The Daily News

daily news

A daily news is a newspaper that is published each day and contains news and information about current events. It may contain politics, business, sports, science and other news of interest to the public. Some well-known examples of daily newspapers include The New York Times and the Wall Street Journal.

The New York Daily News is an American newspaper founded in 1919 and based in the city of New York. It is one of the largest and most famous daily newspapers in the United States. It has a large readership and is known for its investigative journalism, political coverage, and entertainment news. Many of the paper’s writers and columnists have gone on to prominent careers in journalism or politics.

In the 1920s the newspaper flourished, attracting readers with stories of political wrongdoing such as the Teapot Dome scandal and social intrigue such as Wallis Simpson’s romance with King Edward VIII that led to his abdication. It was also an early user of the Associated Press wirephoto service and developed a substantial staff of photographers.

As the world entered the tumultuous period of the Second World War, The Daily News gained even greater fame and popularity with its extensive reporting on the conflict. At the peak of its circulation in 1947, The Daily News was read by 2.4 million people daily and had a total weekly audience of 4.7 million. This made it the most widely-read newspaper in the country. Its brassy, pictorial style contributed greatly to its success.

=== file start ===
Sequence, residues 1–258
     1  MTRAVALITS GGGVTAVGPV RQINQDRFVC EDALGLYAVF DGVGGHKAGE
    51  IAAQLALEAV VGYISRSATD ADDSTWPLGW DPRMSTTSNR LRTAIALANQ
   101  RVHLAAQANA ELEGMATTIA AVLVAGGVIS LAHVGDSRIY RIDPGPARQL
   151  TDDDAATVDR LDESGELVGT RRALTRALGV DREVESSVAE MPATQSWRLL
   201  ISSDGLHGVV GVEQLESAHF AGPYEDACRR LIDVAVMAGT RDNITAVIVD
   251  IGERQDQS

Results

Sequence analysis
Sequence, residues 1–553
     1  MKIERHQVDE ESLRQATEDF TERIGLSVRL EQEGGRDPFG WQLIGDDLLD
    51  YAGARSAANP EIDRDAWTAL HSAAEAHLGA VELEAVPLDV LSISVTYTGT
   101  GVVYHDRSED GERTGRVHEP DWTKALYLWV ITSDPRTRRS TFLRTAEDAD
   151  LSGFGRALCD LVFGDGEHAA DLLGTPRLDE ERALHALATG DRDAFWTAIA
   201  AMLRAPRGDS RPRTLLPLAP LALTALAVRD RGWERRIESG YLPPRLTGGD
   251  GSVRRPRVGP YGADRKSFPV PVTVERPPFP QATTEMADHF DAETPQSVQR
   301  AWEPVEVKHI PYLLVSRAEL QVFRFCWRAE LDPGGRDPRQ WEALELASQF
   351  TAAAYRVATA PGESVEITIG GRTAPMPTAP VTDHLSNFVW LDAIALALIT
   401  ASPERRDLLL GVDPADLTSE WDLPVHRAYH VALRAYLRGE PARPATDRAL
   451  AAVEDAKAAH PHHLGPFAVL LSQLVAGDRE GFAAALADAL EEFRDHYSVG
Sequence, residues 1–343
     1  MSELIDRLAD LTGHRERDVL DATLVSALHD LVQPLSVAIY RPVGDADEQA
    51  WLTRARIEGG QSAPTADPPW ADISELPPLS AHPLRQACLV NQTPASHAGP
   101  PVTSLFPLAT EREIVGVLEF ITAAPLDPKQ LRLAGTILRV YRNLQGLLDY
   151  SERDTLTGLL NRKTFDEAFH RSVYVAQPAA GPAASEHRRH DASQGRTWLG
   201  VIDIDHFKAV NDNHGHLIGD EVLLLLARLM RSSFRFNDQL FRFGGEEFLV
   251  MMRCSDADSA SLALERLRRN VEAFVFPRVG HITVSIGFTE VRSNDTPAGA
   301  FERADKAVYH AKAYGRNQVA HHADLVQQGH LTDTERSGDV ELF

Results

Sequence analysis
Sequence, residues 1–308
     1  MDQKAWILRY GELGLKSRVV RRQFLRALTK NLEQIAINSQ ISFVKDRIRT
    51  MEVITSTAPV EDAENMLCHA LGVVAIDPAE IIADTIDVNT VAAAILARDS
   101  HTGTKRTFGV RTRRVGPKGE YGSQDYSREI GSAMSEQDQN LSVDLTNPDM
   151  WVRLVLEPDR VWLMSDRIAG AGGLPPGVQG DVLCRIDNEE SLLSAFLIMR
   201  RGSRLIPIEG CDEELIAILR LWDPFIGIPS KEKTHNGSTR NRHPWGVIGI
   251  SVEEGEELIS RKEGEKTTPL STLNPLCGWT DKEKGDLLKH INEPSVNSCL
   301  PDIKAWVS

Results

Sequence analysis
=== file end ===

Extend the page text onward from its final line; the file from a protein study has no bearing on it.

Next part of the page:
After the end of the war, The Daily News continued to prosper, gaining more and more readers. It was still a staunchly conservative publication, but it began to shift toward a more moderate position as the 1960s approached. In 1975, it ran what was perhaps its most famous headline ever, stating “FORD TO CITY: DROP DEAD” after President Gerald Ford’s veto of a bankruptcy bailout for New York City.

By the 1980s, The Daily News was struggling to keep up with its competition in the wake of declining sales and increased newspaper production costs. Its owners, the Tribune Publishing Company (later renamed Tronc), began to scale back its operations, reducing the paper’s printing plant and moving its headquarters from the News Building to a single floor in Five Manhattan West. The Daily News launched a quarterly insert, BET Weekend for African Americans in 1996, which was incredibly successful.

In 1991, The Daily News’s owner, publisher and editor-cum-interim James Willse was unable to prevent Maxwell’s death from bankrupting the newspaper. He sold it to Mort Zuckerman for $36 million, less than half the amount offered by Conrad Black of Hollinger Inc., who also owned the Chicago Sun-Times and Britain’s Daily Telegraph. The New York Daily News’s ten unions then embarked on a five-month strike that would ultimately cost the paper up to a million dollars. The newspaper survived the strike by using non-union replacement staff. It was renamed The New York Post shortly thereafter.